After the Great Depression, many breeders were subscribed to the British Goat Journal and were entranced by pictures of British Saanens. The USDA made it nearly impossible to import animals from Europe, but they did allow importations if the goat resided in Canada for a certain length of time. This was allowed because after a certain amount of time the goat would then be considered Canadian. English Saanens played a big role in improving the breed and bringing the Saanens back to life. English bucks would increase size, widen and deepen bodies, improve udder shape and increase production. There were some downsides to the English Saanens which included adding more color genes, double teats and many of the goats were coarse shouldered.
Throughout the 1940’s and ‘60’s the Saanen breed flourished. Several notable herds were born that still have an impact on the breed today. Some of these herds include Cheba, White Acres, Diamond, Lactation, Caprice, Selah, Chickaming, Snowflake and Laurelwood Acres.
The Cheba herd was owned by Eileen Diercks of Iowa and was started after the purchase of her first purebred doe in 1945. Her herd was nearly wiped out by two barn fires, but she was left with a doe named Ira Della Susie and a few doe kids. Susie was reportedly a 21 lb a day producer and was the dam of Cheba Lillie II and Cheba Sissie II.
The White Acres herd was owned by Stanley Sydnis and got its start with a grandson of Imported Foxley’s Flair named Lactation Beth’s Pride. He was purchased along with a doe who was bred to him named Jubilee Susie. A daughter of these two, Jubliee Barbie, produced 25,451 lbs over 9 lactations. Herd sires for the herd included Selah June’s Pride’s Anthony and a Spotlight Sale purchase, Capric Randy Beacon who was a son of Gold Crown Beacon Light. This strong buck was the sire of a number of high producing does including White Acres Barbies Nancy who had a lifetime production of 23,400 lbs over 7 lactations!
The Selah herd was owned by Francis and Lavonne Beguelin and started in the late 1950’s. It’s start came from the purchase of four very heavy milking does out of the Cheba herd named Cheba Eloise, Cheba Elsie, Cheba Dorothy and Cheba Ruby. These does were all sired by Strasser’s Toni Tom and three had records over 3000 lbs.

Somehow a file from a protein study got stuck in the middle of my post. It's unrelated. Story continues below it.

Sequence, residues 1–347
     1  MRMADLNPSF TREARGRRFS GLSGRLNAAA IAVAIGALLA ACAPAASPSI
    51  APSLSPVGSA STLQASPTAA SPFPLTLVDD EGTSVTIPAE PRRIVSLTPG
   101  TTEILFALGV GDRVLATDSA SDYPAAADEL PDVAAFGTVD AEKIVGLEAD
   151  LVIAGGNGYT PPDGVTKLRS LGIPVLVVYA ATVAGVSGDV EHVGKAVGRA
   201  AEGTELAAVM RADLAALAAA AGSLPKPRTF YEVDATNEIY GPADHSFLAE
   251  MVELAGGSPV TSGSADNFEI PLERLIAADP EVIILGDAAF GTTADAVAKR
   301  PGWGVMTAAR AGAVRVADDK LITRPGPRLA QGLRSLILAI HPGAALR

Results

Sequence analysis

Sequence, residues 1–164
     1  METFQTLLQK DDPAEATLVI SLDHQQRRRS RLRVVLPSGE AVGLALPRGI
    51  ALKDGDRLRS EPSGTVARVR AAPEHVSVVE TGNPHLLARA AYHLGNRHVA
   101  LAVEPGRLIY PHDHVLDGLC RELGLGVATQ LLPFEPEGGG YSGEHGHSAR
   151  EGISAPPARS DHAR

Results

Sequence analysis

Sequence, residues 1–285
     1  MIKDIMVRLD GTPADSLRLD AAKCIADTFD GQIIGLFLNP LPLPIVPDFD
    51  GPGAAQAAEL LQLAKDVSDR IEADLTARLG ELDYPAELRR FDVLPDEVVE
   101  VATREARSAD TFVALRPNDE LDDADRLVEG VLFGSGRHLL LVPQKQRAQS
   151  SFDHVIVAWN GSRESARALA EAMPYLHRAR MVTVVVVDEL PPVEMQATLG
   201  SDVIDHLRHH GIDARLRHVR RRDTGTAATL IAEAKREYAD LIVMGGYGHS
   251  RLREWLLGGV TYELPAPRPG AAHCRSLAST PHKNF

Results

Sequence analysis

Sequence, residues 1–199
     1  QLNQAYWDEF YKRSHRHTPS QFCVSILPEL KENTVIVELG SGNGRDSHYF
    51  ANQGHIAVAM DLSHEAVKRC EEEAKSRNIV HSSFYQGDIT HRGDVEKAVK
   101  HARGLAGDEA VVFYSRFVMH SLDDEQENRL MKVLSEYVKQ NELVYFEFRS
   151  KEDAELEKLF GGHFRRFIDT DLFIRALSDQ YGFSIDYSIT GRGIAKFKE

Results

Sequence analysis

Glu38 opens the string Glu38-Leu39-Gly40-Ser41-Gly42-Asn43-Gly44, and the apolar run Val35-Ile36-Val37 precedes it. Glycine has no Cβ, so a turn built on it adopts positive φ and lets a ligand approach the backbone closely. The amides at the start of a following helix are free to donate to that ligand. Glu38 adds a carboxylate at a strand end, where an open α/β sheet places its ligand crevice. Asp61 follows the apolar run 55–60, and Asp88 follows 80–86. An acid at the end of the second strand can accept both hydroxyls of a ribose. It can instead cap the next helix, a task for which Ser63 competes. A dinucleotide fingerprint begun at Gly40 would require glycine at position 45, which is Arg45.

The Diamond herd was owned by Harvey Considine and while his Saanens were not as well known as his Alpines and Toggenburgs he had several very good ones. This herd was a dairy and was shown extensively. Considine had always been very type and udder conscious. One result of this herd was the premier production sire Diamond Messenger. His daughters averaged 4-00 305 2958 104. Other sires who made a mark in the Diamond herd were Laurelwood Acres Reporter and Snowflake Mynas Charles.
The Lactation herd was purchased by Wales Aughenbaugh who took the old herd and rejuvenated it by adding animals from Wasatch and Madgthorn. His most influential sire was Lactation Messenger sired by the English Imported buck Mostyn Messenger. Aughenbaugh was a car dealer and advertised he would personally deliver every goat he sold which helped to disperse the Lactation animals all over the country.
The Caprice herd was owned by Allan and Dot Rogers of Massachusetts. The herd was started in 1934 with animals from Milkyway, Carey and Sparks. The herd greatly improved after the purchase of Imported Etherly Mynas and Chikaming Manly’s Pride. After moving to Oregon the Rogers’ extensively utilized Gold Crown bloodlines including Gold Crown Beacon Light and Gold Cown King Frisky.
The Chikaming herd was owned by Carl Sandburg of North Carolina. Mrs. Sandburg had the ability to see important attributes in an animal while ignoring inconsequential faults. The herd improved greatly with the purchase of Chevonshire Petrol’s Manly at the Texas Spotlight Sale. Manly improved type, produced strong udders and production. Descendents of the Chikaming herd can still be seen today at the Carl Sandburg Historical Foundation in North Carolina. The herd is still producing registered Purebred Saanens under the herd name Connemara.
The Snowflake herd was owned by Julia Ernst and was started in the 1940’s. The herd later became part of the VitaMilk Dairy in Massachusetts and animals within the herd all had to pay their way commercially with no pampering and no excuses. A disastrous fire wiped out several hundred animals and was a huge loss to the breed. Snowflake was started anew with the purchase of twin daughters of Delta General Lee from California.
The Laurelwood Acres herd was owned by Wes and Betty Nordfelt of California. This was probably the largest herd of Saanens found during this period and was the continuation of the Garman family project started in the 1940’s. The most important addition to this herd was three sons and two daughters of La Suise Ida Bee. Laurelwood goats were heavily advertised and kids were sold nationwide.
References: Saanen Roots by Allen L Rogers